Cable to Outside Light. Where Should it Go?

Discussion in 'Electrics UK' started by stem, 5 Mar 2010.

  1. stem

    stem

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    My mother has an outside light installed when her house was rewired about 25 years ago by the then EMEB (East Midlands Electricity Board) the T&E cable supplying it is clipped direct to the outside wall. (There didn't seem to be an issue with PVC and sunlight back then, as they also installed PVC on a catenary out to the garage, but that's another matter)

    Several times she has asked me if it would be possible to move the cable so that it's hidden. I've always told her that cables inside cavities are not allowed, and that it can't be buried inside the property because there would be nothing to indicate its presence. An answer that has always satisfied her....... until her sister moved into a fairly new build bungalow with several outside lights and no cables on show. There is nothing to indicate their presence inside the house such as a switch or other electrical accessory, nor could the cables be in a corner (safe zone).

    So I have now been called to task to explain. Any help would be appreciated.
     
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  3. dannyboi2003

    dannyboi2003

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    Because the cables for the lights on her sisters new house probably come out from the floorboards level so the safe zones issue doesnt apply. You could do the same on your mothers house and drill out from under the floor boards unless the lights are mounted higher in which case they will need to be moved.
     
  4. ban-all-sheds

    ban-all-sheds

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    They didn't have sunlight in the East Midlands 25 years ago.... :LOL:


    No, but seriously - there are ways in which the bungalow could have been done - conduit, BS 8436 cable, cables >50mm from the surface - you won't know unless you go and look.
     
  5. 1john

    1john

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    if you could get a flexible conduit up the cavity then you can run the cable in that.
     
  6. stem

    stem

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    But she lives in a
    There aren't any floorboards :eek:

    But I get your drift, unfortunately mum lives in a bungalow too.

    Probably not, but today we do :D probably be horrible for the weekend though :cry:
     
  7. ban-all-sheds

    ban-all-sheds

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    Are there ceilings?

    How high up are the external lights?
     
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  9. stem

    stem

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    The cable comes from the ceiling, out behind the soffit with about a 2' (60cm) drop down to the light.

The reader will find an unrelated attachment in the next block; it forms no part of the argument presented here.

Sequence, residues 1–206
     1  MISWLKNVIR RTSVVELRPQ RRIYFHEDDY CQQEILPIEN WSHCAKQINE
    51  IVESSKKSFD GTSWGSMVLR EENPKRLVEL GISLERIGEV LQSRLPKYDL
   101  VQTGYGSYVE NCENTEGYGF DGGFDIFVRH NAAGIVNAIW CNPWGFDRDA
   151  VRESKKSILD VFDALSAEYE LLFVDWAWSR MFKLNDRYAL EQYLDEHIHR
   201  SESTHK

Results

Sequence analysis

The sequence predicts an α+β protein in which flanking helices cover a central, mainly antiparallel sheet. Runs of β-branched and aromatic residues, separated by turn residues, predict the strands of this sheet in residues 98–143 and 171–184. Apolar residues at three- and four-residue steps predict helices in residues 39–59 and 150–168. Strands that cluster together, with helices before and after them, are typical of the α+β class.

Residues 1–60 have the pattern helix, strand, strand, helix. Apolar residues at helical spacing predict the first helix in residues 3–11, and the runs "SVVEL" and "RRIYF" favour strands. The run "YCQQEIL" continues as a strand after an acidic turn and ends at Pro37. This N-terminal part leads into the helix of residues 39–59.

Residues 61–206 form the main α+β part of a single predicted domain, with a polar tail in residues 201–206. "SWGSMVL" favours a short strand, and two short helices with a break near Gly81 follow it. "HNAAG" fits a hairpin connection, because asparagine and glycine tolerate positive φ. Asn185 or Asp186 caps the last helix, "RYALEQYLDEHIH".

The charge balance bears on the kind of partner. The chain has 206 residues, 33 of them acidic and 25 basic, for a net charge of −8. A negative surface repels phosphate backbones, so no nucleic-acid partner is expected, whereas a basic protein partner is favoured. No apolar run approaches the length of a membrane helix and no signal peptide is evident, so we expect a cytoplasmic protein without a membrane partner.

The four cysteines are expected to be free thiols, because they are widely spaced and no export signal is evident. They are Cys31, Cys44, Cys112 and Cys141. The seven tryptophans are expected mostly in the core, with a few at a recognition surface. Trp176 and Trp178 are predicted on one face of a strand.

10. ban-all-sheds

    ban-all-sheds

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    I meant in her sister's new place.

    It will be really awkward to get to the eaves inside the loft, but putting the cables in the cavity will be the least disruptive solution. The reasons for not running cables in cavities are twofold:

    1) If CWI is installed then the cables could overheat or be damaged by contact with the insulation.

    2) They can't be properly supported.

    In this case (2) isn't an issue because of the short drop, and provided you don't use PVC cable and use a size which would be OK if it's rated current carrying capacity were halved then that would take care of (1).

    Or go with the flexible conduit idea, although that will require larger holes in the walls.

    Another thought which has just occurred to me is how far below the interior ceiling level are the lights? If you drilled upwards at an angle could you emerge within 150mm of the ceiling?
     
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  11. stem

    stem

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    Good idea, I think that has possibilities. I will investigate that when I go over on Sunday.
     
  12. londonboy

    londonboy

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    Thats what I did last time, with a metre long sds bit at a 45 degree angle ;)
     
  13. ban-all-sheds

    ban-all-sheds

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    It's scary how they wobble, isn't it.

    I'm normally a bit cavalier re eye protection when drilling holes in brick or block, but seeing that metre long bit precessing as well as rotating does make me switch off and think "I'll just get my goggles"... :confused:
     
  14. 1john

    1john

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    i like to start off with a 400mm bit first, then get the lengthy one out!
     
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